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November 2011

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Robotic Grit-Blasting System from Guyson



Guyson Corporation has introduced a mid-size robotic gritblasting machine for precision surface preparation in coating work cells. The 7-axis blast unit is designed to accurately and efficiently produce a specified surface roughness with a consistency not possible using manual or multiple-gun blasting methods, the company said.

A 6-axis robot arm, serving as a blast gun manipulator, is attached to a 52- x 32-inch rotary blasting cabinet with a servomotor-driven 24-inch turntable controlled as a seventh axis of coordinated robotic motion. A part-holding fixture securely attached to the table positively locates the component, which can be oriented or rotated at controlled speed during the programmed process routine.

For grit-blast preparation of components with through-holes, vents or internal passageways, where media could collect during processing, the spindle or turntable is designed with core air supplied to allow a positive and adjustable flow of purge air through the component during blasting. If exacting table run-out tolerances apply, the blast system manufacturer can do the machining in place using custom robot end-of-arm tooling.

Key to the elimination of over-blasted and under-blasted component surfaces is the robotic blast system's ability to constantly maintain the exact blasting angle, nozzle-to-surface distance and surface speed while precisely following the contours of complex-shaped parts. The robotic blasting machine with a single blast gun executes the motion program identically each time, and the system can store and recall process recipes for over one hundred different components, the company said.

Significant productivity gains can be realized by making set-up for different parts unnecessary, since the operator only needs to install the interchangeable fixture and identify the correct program to prepare for grit-blasting a new component, said Guyson.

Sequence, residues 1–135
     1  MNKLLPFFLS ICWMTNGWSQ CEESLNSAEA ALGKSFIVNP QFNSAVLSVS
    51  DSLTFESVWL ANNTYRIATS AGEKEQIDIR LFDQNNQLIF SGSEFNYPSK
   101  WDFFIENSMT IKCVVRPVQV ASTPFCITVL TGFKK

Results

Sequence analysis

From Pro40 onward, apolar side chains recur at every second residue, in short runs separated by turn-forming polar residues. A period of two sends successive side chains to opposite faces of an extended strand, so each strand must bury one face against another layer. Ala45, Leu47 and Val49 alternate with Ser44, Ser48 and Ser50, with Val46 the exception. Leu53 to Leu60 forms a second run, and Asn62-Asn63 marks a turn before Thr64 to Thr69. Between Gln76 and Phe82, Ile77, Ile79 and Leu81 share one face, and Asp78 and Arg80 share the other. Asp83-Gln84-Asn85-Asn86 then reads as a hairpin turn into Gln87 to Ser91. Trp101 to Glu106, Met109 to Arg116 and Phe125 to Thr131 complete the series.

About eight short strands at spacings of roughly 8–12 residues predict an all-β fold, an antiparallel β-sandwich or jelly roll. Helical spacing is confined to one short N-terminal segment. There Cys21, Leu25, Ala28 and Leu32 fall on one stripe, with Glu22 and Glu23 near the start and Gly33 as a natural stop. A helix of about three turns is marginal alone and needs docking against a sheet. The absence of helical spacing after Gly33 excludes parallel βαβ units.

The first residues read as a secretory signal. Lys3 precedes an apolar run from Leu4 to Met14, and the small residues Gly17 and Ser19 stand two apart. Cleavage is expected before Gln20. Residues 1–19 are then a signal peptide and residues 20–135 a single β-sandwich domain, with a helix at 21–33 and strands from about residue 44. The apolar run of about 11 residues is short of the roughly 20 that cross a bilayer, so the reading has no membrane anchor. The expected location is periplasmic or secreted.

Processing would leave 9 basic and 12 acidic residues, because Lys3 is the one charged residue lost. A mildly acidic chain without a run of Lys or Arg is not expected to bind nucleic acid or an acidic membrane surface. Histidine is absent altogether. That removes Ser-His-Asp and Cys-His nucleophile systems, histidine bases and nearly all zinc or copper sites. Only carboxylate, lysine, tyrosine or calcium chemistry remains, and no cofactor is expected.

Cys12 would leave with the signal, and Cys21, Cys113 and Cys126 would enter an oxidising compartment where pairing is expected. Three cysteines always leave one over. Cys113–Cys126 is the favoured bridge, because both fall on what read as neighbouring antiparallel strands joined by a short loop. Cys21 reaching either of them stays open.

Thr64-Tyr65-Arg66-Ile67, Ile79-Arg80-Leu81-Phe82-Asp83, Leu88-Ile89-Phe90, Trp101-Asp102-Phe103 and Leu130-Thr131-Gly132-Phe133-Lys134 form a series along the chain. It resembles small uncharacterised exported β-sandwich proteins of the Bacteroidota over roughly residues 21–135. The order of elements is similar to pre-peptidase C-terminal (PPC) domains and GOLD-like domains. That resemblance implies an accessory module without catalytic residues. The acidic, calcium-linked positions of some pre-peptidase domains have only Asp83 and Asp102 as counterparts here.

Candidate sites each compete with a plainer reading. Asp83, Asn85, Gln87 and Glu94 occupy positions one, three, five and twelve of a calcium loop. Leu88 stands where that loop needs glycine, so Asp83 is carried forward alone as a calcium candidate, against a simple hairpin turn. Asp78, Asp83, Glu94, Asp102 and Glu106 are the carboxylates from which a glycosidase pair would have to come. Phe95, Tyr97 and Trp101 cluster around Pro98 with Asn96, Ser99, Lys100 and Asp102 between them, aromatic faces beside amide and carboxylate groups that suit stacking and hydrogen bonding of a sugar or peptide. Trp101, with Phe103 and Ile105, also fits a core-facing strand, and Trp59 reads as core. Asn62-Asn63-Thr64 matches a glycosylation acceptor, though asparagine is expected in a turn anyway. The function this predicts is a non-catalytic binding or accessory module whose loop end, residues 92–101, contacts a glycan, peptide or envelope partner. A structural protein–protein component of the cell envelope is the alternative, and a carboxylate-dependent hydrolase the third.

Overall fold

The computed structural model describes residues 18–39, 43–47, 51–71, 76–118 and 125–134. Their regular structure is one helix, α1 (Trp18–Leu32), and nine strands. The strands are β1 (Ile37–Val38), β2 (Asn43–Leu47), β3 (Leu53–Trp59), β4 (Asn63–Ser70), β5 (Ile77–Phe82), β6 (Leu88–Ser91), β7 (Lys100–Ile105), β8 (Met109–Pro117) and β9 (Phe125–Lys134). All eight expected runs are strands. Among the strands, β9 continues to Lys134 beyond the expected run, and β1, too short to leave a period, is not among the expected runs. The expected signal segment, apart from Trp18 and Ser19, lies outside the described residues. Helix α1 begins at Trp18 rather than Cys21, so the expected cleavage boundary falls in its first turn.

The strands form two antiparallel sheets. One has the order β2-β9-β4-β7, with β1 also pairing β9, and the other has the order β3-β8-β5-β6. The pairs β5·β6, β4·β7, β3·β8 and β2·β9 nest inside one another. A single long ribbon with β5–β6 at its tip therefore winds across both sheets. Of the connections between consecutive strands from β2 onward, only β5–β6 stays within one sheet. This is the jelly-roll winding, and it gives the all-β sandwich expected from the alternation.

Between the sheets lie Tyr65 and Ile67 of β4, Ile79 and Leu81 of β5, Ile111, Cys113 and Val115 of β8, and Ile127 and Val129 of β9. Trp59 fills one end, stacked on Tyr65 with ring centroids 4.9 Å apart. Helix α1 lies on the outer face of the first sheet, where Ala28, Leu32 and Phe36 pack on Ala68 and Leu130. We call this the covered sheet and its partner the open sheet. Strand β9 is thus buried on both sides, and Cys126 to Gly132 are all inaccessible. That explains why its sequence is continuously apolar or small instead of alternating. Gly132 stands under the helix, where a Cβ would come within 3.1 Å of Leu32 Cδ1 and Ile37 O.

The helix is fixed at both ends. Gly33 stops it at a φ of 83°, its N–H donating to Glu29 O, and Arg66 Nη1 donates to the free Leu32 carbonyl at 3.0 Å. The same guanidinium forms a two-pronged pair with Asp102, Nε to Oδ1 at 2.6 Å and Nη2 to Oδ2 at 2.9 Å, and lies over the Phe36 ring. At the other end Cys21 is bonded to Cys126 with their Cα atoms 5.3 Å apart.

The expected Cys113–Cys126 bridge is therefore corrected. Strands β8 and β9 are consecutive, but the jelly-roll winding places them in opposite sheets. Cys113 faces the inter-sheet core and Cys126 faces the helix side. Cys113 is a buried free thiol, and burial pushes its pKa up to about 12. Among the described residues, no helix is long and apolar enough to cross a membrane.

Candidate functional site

Beyond accurate and repeatable motion of the nozzle and component, precision roughening requires advanced blast media delivery and reclamation to ensure that the miniature grit projectiles that actually do the work of surface modification are fully controlled. Features such as automatic regulation of the blast pressure, media flow sensing, media level sensing, automatic media replenishment and screen classification of the blasting grit are available to enhance the consistency of the surface finishing results.

"When the quality of surface preparation is considered critical and validation or documentation of process control is required, the blast machine designer and manufacturer offers a SCADA controls package that can display, capture and record data on all blasting parameters throughout each blast cycle, providing an audit trail to verify conformity to specifications or process work instructions," said a Guyson spokesperson.

Prospective users of robotic grit-blasting or surface preparation systems are invited to submit sample components for free laboratory testing and application engineering evaluation at the blast machine builder's factory in northeastern New York State.

For more information contact:

J. C. Carson

Guyson Corporation

13 Grande Blvd.

Saratoga Springs, NY 12866-9090

518-587-7894 Ext. 7226

jcarson@guyson.com

www.guyson.com

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